The drawing “was not very smart,” Katz says, adding that it may have even been ignorant. But he doesn’t believe it was intended to be anti-Semitic as other organizations and individuals, including the Anti-Defamation League, the American Jewish Committee and Trump himself, have claimed.
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As for Antunes, he was largely unapologetic, and told The Jerusalem Post that he did not “seek controversy” and only sought to “critique Israeli policy.'”
Michel Kichka, one of Israel’s leading political cartoonists and comic book artists, as well as a former president of the Association of Israeli Cartoonists and a senior lecturer at the Bezalel Academy of Arts and Design in Jerusalem, also reacted strongly to the debate over the political cartoon.
“It was a cowardly decision,” he says of the Times’ decision to stop printing political cartoons. “A newspaper has to defend a cartoon they have chosen to publish.”
Kichka, who spent a number of years doing influential work for Cartooning For Peace, a movement of the United Nations Regional Information Center representing 203 editorial cartoonists from 67 different countries who draw to better understand and respect different cultures and beliefs, does believe that some cartoonists are artistic activists in their own way.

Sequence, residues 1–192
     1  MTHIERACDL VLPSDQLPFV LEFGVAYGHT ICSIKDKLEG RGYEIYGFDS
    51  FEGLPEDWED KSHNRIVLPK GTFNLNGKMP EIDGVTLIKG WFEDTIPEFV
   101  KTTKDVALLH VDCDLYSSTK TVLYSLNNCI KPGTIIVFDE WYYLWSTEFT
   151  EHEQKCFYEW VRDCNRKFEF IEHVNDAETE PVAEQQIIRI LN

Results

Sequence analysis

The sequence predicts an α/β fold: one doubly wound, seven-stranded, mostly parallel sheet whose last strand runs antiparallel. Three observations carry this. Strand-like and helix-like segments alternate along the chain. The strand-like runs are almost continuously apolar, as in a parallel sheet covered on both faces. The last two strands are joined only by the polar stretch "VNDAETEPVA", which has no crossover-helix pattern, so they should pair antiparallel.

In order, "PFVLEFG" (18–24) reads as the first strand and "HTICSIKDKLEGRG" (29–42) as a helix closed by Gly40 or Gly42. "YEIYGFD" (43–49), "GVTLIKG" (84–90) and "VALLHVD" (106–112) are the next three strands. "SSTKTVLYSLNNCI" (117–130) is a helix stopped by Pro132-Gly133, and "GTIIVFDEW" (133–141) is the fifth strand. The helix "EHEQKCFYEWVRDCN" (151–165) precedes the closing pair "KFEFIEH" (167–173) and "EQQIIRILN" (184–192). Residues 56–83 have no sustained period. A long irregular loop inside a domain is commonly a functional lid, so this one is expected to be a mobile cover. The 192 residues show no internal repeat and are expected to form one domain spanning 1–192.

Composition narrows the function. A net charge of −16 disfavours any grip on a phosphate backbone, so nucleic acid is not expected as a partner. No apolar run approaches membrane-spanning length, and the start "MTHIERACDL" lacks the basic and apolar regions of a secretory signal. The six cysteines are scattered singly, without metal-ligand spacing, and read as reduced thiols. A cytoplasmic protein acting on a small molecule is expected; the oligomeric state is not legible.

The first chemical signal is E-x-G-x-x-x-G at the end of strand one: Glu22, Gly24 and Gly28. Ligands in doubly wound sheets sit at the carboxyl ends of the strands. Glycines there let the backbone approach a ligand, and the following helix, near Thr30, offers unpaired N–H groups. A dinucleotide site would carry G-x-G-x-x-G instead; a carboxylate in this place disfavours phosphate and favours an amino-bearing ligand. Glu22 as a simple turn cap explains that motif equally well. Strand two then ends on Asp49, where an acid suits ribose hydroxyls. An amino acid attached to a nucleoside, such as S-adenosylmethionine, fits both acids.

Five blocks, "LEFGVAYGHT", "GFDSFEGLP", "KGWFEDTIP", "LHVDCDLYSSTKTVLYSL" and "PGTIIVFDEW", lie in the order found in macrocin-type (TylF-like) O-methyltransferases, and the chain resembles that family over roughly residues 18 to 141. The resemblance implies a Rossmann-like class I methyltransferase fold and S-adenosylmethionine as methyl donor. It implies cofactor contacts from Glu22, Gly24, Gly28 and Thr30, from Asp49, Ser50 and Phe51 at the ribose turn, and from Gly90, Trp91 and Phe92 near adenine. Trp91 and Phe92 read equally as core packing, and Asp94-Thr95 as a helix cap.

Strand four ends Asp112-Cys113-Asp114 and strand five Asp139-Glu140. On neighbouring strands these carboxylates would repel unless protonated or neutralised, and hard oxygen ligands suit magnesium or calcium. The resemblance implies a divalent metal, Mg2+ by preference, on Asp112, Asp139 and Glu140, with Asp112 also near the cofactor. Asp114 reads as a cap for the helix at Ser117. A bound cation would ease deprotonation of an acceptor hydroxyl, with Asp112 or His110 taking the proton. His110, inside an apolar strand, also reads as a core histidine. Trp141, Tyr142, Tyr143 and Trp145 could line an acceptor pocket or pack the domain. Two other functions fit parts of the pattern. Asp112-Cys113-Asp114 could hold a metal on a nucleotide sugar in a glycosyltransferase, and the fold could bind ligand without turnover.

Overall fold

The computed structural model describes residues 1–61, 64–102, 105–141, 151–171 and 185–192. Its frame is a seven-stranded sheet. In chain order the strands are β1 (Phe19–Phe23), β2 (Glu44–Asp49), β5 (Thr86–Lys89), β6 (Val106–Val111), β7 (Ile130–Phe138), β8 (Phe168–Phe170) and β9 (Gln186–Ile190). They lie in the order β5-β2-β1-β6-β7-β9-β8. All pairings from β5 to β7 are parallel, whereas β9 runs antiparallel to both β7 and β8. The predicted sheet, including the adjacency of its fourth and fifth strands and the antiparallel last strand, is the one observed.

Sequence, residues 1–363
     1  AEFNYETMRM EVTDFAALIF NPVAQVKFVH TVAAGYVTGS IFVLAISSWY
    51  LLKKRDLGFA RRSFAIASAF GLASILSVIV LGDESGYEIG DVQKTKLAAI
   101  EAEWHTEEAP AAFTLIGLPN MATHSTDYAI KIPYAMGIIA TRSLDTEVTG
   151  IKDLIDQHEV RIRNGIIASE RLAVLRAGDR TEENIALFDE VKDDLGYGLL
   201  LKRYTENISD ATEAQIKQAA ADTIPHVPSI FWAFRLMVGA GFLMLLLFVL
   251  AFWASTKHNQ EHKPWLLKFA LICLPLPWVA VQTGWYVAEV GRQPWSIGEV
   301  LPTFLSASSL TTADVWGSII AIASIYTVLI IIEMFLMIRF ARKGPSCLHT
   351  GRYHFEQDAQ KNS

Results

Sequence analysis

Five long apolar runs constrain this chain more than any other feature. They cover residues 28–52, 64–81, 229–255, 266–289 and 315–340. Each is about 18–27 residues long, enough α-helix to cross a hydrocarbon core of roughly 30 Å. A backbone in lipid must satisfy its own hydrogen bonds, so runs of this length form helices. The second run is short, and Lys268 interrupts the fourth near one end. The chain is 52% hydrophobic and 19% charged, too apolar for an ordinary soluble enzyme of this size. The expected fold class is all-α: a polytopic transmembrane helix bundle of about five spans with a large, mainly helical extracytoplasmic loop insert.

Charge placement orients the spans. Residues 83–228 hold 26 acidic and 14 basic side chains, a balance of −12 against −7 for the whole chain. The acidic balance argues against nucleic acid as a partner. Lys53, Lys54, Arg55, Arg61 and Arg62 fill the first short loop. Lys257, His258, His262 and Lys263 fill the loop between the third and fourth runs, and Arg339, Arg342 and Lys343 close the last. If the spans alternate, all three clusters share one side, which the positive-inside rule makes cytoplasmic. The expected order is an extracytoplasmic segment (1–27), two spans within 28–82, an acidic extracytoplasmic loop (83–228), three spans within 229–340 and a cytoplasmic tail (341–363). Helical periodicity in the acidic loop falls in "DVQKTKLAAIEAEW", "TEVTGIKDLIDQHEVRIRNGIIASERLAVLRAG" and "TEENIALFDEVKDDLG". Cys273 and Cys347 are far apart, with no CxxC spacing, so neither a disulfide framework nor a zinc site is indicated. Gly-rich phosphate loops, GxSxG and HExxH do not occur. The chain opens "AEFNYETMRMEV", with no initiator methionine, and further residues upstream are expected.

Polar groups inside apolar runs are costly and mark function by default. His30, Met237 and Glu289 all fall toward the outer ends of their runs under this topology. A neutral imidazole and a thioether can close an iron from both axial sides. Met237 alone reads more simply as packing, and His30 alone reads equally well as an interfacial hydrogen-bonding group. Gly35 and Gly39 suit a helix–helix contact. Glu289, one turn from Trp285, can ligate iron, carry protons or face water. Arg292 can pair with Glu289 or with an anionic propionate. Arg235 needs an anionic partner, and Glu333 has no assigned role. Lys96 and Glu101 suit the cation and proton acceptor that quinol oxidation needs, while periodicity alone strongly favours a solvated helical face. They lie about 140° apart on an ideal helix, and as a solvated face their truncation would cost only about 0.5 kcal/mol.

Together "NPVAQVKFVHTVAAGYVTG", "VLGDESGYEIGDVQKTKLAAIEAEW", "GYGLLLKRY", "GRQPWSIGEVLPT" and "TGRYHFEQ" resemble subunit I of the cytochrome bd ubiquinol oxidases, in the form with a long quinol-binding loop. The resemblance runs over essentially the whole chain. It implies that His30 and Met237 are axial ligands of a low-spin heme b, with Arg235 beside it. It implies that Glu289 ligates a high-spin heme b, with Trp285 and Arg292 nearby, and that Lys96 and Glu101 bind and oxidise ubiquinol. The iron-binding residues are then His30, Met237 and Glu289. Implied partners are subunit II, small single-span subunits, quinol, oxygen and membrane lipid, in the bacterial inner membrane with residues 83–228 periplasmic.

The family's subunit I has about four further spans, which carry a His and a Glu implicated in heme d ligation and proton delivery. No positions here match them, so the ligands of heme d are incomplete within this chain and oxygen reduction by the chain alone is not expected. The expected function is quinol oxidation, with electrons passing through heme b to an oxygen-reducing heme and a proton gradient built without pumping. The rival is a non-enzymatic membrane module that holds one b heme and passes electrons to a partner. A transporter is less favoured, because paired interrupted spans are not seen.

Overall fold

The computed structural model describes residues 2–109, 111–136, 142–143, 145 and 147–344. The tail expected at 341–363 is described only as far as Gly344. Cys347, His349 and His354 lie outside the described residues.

“I doubt deeply that the cartoon is able to make a better world, but I think it is there to try,” he tells NoCamels in a detailed phone interview.
The real activism, he says, is just making the viewer react to the drawing.
“I like my readers and followers to stop for a few seconds, to watch, to agree or disagree, to react,” he explains, “We have been given a small space of freedom. In this space, we can be provocative.”
This summer, Kichka was honored for his work and awarded the prestigious Francine and Antoine Bernheim Lifetime Achievement Award by the French Judaism Foundation.
Cartoons should make you say, “I disagree with you but I will fight to give you the freedom to express. It is possible to be provocative and tolerant, borderline and respectful,” Kichka says.
While Kichka calls himself a “softer cartoonist,” he is outspoken when it comes to his views on the modern state of Israel and how much it has changed since he moved to the country from Belgium in 1974 to attend a four-year program at Bezalel.